Bill Pugh wrote:
> Remember the golden rule of compiler optimizations:
> If you can't be caught, it isn't illegal.
> For example, you are allowed to reorder memory accesses and accesses to
> a thread local volatile. Similarly, if an object is thread local,
> on that object is a no-op and reads and writes can be freely moved out
> of the synchronization block (or you can just remove the
> synchronization block).
> There are not transformations that are explicitly allowed by the memory
> model.Rather, you can use the memory model to show that they are not
> detectable, in that they do not allow any additional behaviors.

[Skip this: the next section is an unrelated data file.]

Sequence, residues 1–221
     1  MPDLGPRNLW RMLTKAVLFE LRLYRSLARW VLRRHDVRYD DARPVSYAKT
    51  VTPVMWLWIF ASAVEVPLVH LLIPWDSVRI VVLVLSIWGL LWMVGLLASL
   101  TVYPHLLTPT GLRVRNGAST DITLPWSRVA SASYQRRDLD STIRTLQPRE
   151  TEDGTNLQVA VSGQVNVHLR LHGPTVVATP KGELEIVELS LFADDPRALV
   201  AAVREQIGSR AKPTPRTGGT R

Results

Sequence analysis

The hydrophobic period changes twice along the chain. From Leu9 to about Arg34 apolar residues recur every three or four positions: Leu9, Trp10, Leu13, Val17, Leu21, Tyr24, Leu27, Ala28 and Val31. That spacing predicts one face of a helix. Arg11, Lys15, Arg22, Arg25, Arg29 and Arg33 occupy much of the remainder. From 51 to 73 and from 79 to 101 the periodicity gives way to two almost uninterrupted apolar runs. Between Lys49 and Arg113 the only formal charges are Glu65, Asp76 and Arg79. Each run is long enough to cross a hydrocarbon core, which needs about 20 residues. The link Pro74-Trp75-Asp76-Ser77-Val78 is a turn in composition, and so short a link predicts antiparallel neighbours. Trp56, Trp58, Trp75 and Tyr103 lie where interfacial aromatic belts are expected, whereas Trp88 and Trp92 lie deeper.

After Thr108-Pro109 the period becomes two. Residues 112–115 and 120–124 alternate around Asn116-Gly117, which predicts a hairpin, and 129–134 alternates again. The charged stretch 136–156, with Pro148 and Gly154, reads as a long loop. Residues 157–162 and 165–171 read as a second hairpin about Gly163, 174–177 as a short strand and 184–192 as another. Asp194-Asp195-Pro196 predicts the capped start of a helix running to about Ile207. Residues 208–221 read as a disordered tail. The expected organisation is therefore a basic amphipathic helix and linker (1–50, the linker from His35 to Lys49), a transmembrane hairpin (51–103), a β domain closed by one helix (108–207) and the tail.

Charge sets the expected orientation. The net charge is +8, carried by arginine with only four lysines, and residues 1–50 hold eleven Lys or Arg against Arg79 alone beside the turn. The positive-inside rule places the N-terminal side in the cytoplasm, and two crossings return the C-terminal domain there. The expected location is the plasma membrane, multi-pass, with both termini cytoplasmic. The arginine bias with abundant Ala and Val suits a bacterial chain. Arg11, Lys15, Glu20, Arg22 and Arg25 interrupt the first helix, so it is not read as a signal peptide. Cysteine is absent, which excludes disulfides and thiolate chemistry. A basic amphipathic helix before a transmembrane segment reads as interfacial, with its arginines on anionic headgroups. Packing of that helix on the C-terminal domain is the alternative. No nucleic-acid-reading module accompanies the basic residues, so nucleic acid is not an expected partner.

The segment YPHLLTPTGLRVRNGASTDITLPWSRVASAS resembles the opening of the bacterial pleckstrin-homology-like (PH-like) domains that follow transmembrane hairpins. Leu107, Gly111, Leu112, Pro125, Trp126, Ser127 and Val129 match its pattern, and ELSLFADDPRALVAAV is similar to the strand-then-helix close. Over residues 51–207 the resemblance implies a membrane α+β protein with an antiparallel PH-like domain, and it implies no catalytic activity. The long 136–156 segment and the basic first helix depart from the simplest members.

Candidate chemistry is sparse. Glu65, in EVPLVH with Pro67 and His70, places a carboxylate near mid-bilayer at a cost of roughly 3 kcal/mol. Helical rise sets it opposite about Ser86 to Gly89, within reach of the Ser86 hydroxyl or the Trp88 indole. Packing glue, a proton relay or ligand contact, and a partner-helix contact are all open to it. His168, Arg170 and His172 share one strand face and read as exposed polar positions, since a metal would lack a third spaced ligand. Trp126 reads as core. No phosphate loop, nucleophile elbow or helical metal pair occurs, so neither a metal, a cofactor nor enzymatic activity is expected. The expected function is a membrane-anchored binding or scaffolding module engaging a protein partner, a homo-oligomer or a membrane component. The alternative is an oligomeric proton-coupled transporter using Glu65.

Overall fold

Okay. I'll leave the formalities to others, but informally, once we allow
for the removal of thread-local volatiles and thread-local sync then the
"roach motel" rules are exact/complete. ie if my code contains no
thread-local volatiles or thread-local sync then I CAN explain the behaviour
in terms of the "barriers" (memory AND code-motion) inherent in the "roach
motel" rules. Right?
JavaMemoryModel mailing list - http://www.cs.umd.edu/~pugh/java/memoryModel
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